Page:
5. Edison Married a 16 Year Old Girl
It was Christmas Day 1871. Times were a little different back then and getting married at the age of 16 wasn’t considered socially taboo in most circles. Mary Stilwell was an employee of his and he’d known her for just two months. Edison loved her very much, even if he was frustrated by how she could help with his inventions, and together they had three children. She died before the age of 30, however, and Edison was left heartbroken.
To remedy this situation, Edison would often stay with friends. His friends got tired of a miserly man with dandruff and bad breath spending time with them, so they would also invite women to come be around at the same time. A mostly deaf, foul smelling, slightly crazy-eyed man with three kids wasn’t the greatest catch, so most of the women would just run away.
Then there was Mina Miller. She didn’t run away and Edison found himself falling in love again. He taught Mina how to communicate in Morse code so they could converse with each other. They’d go on to have three children as well and a happy marriage.
6. Edison Really, Really, Really Loved Morse Code
Edison had some deep loves in his life, but it was Morse code that was his soul mate. Part of that was probably because it was easier to understand communication in code with his bad hearing. Nevertheless, the first two children that he had were nicknamed Dot and Dash. He and Mina Miller would hold hands and talk with each other. He even proposed to Mina using Morse code.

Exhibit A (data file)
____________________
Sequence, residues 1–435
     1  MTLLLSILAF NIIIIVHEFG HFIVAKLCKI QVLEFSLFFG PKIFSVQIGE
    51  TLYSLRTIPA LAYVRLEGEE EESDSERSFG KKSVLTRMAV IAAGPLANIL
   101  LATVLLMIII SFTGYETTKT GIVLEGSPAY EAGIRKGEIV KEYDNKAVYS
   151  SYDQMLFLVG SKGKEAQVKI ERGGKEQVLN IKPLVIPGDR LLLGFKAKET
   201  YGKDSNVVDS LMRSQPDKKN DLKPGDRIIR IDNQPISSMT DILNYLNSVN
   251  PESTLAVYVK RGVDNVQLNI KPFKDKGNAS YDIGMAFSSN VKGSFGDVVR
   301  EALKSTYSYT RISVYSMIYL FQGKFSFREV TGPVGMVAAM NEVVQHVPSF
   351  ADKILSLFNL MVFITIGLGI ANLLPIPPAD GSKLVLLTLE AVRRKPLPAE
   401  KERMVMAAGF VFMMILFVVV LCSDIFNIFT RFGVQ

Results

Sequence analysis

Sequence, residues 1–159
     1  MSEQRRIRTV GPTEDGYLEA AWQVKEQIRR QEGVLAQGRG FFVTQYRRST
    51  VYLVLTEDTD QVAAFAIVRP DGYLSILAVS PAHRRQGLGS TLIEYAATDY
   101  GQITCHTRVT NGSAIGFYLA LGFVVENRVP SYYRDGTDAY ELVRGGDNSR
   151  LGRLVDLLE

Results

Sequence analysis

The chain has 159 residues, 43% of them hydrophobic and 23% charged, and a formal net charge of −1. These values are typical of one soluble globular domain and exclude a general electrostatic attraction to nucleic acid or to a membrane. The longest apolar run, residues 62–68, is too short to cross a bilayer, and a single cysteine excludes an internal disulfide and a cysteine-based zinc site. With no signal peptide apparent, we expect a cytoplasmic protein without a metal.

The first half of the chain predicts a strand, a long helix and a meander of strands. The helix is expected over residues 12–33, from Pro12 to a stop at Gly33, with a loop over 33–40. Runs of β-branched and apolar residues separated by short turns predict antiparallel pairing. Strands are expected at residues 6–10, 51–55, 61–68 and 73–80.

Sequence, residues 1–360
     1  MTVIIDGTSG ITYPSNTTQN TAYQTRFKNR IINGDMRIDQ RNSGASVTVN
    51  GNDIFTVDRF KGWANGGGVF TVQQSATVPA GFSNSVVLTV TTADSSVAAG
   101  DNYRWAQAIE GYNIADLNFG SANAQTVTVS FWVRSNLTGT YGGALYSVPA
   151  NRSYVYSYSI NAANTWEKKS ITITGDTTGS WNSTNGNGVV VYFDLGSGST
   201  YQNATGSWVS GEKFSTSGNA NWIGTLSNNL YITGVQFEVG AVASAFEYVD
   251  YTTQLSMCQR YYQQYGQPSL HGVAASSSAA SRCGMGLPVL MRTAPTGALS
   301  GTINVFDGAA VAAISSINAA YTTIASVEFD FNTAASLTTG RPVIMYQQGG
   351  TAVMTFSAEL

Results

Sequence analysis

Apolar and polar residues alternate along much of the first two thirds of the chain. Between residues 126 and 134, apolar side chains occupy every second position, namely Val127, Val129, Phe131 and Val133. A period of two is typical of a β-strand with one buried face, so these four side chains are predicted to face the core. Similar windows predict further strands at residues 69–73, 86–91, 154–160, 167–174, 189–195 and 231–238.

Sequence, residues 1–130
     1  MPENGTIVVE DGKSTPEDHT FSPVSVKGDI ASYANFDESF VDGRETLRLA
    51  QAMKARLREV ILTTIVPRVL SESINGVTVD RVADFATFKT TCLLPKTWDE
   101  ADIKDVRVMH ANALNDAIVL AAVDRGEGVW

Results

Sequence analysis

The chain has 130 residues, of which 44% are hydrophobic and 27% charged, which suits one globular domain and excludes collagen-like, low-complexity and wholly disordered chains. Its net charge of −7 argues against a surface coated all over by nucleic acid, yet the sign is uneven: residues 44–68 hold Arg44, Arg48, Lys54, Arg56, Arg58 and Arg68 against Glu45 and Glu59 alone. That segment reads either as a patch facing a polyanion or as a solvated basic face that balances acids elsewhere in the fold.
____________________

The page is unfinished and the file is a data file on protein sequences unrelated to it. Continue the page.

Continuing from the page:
The love affair with this code didn’t just stop with communication tools. Edison also had Morse code tattooed on his left forearm. To this day, no one ever knew why there was a coded message on his forearm – or if it was a message at all. It was believed to be quincrux, which takes 5 dots to form the shape of a cross. Considering Edison was a Deist, that isn’t too difficult to picture as well.
As an added bonus, Edison also invented the foundation of the modern tattoo gun, so there’s that too.
7. One Day a Mucker Was Lost
When x-rays were first discovered, it wasn’t believed that they could be harmful at all. At best, it was a unique little gimmick of science that allowed people to see the insides of someone. Edison wanted a piece of this action, so he contacted a close Mucker [his nickname for employees] named Clarence Dally and had him develop a fluoroscope. These tubes are the basis of modern medical diagnostic equipment today, but it came at a price.
You see, to fine tune the equipment, Dally got into the habit of testing it out on his hands. Over the course of 5 years of testing, a lesion began to form right around the testing site. Several skin grafts were tried, but nothing would work. Doctors ended up amputating the the hand. Turns out Dally had cancer caused by the radiation from the x-rays and had both arms amputated in a desperate attempt to save his life.
Edison didn’t escape from the experiments unscathed either. He nearly lost his eyesight and it caused him to stop experimenting in the field altogether. He wouldn’t even touch polonium or radium because he felt like they would do the same thing to him. It was time to pursue other ventures.
8. A Love of Concrete
After some failed ventures, Edison got into the concrete business. He surmised that concrete was cheap enough that entire homes could be made from the substance if created properly. None of his concrete ventures ever paid off, however, even though a dozen homes were build on his modeling. He even tried air-injected concrete for furniture and it just wasn’t considered aesthetically pleasing. With lots of money already invested, it became the second great failure of Edison’s career.
Some of Edison’s concrete furniture still exists. The phonograph cabinets were the best item that came from his creations. They had traditional styling, so there was a feasible level of attractiveness to them. Many of his successes… and failure can still be seen at the Thomas Edison National Historical Park in New Jersey to this day.